Youth come together to combat HIV/Aids scourge


. . . as ‘nothing about us without us’ mantra gains traction


Maseru – Amidst soaring unemployment rates, hunger, and poverty, young Basotho find themselves at increased risk of HIV and AIDS as many engage in risky behaviors, such as drug use and transactional relationships, often resorting to exchanging sex for financial support. In the process, they also frequently face Sexual and Gender-Based Violence (SGBV). According to the Lesotho Population-based HIV Impact Assessment (LePHIA 2020), Lesotho ranks as the second-highest country globally in terms of adult HIV prevalence, with an estimated 5,000 new HIV infections each year.

Shockingly, 80% of these new infections occur among individuals aged between 15 and 34. In response to this crisis, through the National AIDS Commission  (NAC), Basotho youth have united to form the National AIDS Commission Youth Consortium (NACYC), a dynamic youth forum committed to coordinating the HIV and AIDS response tailored for youth. With a multi-sectorial, youth-led approach, NACYC ensures that young voices and experiences take centre-stage in the battle against HIV, echoing their motto, “#Nothing for us without us”. NACYC thrives on diversity and inclusivity, representing a wide spectrum of young voices, including young professionals, youth with disabilities, youth in media, and youth in business, youth in rural areas, youth in tertiary schools, youth living with HIV/AIDS, key populations, young mothers, and youth in sports and recreation.

Their collective belief is that HIV poses a substantial threat to the national economy, diverting funds that could otherwise be invested in infrastructure and youth empowerment. NACYC champions the notion that if young people lead in HIV response and no new infections are recorded by 2030 the next generation can hope to live in an HIV-free nation with a stable economy.

In an interview with Public Eye, a NACYC youth representing the private sector, Lesenyeho Nkopane, who is an Architectural Technology graduate, youth activist and entrepreneurship and business developer, and a President of Junior Chamber International Lesotho said: “My motivation behind being part of National AIDS Commission Youth Consortium comes from seeing HIV and AIDS statistics escalating in Lesotho. As a youth activist in economic development, I saw a danger that is going to affect the economy if it can’t be checked, therefore I wanted to be part of the youth at the forefront of accelerating response towards ending AIDS”.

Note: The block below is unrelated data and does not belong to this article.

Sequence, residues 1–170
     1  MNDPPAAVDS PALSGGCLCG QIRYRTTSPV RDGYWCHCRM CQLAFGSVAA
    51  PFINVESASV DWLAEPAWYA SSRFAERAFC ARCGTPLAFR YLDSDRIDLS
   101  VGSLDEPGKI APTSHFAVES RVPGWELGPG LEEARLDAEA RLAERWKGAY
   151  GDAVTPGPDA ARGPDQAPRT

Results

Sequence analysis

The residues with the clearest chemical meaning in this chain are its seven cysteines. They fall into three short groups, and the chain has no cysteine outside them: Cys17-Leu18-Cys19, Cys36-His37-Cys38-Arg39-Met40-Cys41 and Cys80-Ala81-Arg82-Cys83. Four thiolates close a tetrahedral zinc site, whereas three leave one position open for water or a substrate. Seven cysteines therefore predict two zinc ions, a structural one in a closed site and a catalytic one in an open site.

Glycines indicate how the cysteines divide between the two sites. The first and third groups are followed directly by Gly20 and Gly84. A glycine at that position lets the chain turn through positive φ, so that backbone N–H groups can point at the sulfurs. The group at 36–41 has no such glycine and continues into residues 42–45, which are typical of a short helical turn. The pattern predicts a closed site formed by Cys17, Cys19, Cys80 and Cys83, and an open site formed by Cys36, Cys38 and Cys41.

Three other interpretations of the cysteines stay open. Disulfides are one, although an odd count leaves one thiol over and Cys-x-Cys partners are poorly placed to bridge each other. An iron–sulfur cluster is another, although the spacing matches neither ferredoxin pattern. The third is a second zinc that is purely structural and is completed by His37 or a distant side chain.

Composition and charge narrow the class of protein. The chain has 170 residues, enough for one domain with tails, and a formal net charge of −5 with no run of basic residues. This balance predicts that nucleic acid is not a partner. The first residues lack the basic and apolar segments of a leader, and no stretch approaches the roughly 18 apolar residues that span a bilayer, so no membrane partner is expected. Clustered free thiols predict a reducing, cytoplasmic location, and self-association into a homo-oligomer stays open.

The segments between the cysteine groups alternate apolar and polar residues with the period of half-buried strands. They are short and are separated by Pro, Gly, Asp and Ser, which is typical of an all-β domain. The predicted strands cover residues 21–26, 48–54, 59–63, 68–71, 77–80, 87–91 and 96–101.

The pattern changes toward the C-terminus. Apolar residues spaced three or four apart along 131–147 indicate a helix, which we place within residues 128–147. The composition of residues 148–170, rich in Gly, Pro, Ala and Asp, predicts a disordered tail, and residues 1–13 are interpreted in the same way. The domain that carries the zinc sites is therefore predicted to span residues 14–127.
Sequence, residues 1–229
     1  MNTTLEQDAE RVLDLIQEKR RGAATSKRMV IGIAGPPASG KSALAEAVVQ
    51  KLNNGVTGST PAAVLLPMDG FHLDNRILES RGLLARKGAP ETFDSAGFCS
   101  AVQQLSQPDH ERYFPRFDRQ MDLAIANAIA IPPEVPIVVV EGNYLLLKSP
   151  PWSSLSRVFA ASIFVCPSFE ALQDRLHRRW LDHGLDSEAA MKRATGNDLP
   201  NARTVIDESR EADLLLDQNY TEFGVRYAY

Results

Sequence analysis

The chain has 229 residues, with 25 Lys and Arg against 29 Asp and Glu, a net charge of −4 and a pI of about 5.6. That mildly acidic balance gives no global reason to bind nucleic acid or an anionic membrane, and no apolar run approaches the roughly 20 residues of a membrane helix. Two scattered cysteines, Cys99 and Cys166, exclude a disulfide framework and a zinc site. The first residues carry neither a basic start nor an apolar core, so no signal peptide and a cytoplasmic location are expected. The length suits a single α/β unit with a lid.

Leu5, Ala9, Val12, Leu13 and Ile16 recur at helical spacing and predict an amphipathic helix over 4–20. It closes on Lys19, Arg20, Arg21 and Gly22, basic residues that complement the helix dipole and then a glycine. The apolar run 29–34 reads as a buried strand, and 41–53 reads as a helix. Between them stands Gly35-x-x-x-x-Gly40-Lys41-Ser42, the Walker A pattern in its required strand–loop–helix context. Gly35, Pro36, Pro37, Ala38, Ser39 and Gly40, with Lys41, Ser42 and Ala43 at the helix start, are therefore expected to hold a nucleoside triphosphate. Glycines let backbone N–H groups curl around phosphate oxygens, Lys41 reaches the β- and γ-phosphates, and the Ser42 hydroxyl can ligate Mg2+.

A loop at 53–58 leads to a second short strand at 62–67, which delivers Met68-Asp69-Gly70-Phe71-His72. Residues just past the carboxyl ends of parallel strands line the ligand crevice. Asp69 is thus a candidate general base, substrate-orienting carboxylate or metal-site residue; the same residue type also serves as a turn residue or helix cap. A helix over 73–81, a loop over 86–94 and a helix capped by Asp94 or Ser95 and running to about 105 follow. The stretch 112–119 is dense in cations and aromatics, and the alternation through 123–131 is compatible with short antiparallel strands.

Nkopane added that youth in the private sector can actively engage in the efforts to make Lesotho AIDS-free by 2030 if they are well sensitised about issues pertaining to the AIDS status quo in Lesotho and given a chance to express their opinion on how they can participate.

“This will lead to Lesotho’s economic growth because the money resources that are now directed to AIDS will be shifted to poverty reduction at the same time ending unemployment,” one of the stakeholders said. On the other hand, a representative of youths in rural areas within NACYC, Bokang Molelle, who currently serves as the custodian of two farming companies, PBL Farm Products Pty Ltd and Number One Piggeries, and is also the Chairman of the Leribe Chamber of Commerce and Industry, said one of his mandates is to promote entrepreneurship and job creation through community projects and business enterprises, empowering communities by engaging them in activities that enhance their livelihoods.

He noted: “At the same time, we cannot always provide them with food hampers, as it is not a sustainable solution,” adding that Basotho have a saying, “Lela e lapileng ha lena tsebe,” which when loosely translated means “A hungry stomach does not listen.” This indicates that young people resort to risky behaviors due to poverty, leading to an increased risk of HIV infection.

When giving his remarks on World AIDS Day (WAD) 2022, under the theme “Let’s Equalize, HIV and AIDS Services for All, Leave No One Behind” his Majesty King Letsie III said  inequalities in service delivery, initiatives to combat HIV and AIDS, escalating gender-based violence (GBV), along with rising levels of hunger and poverty, are contributing to new infections. King Letsie III also said young people are particularly vulnerable and Lesotho is facing a significant threat.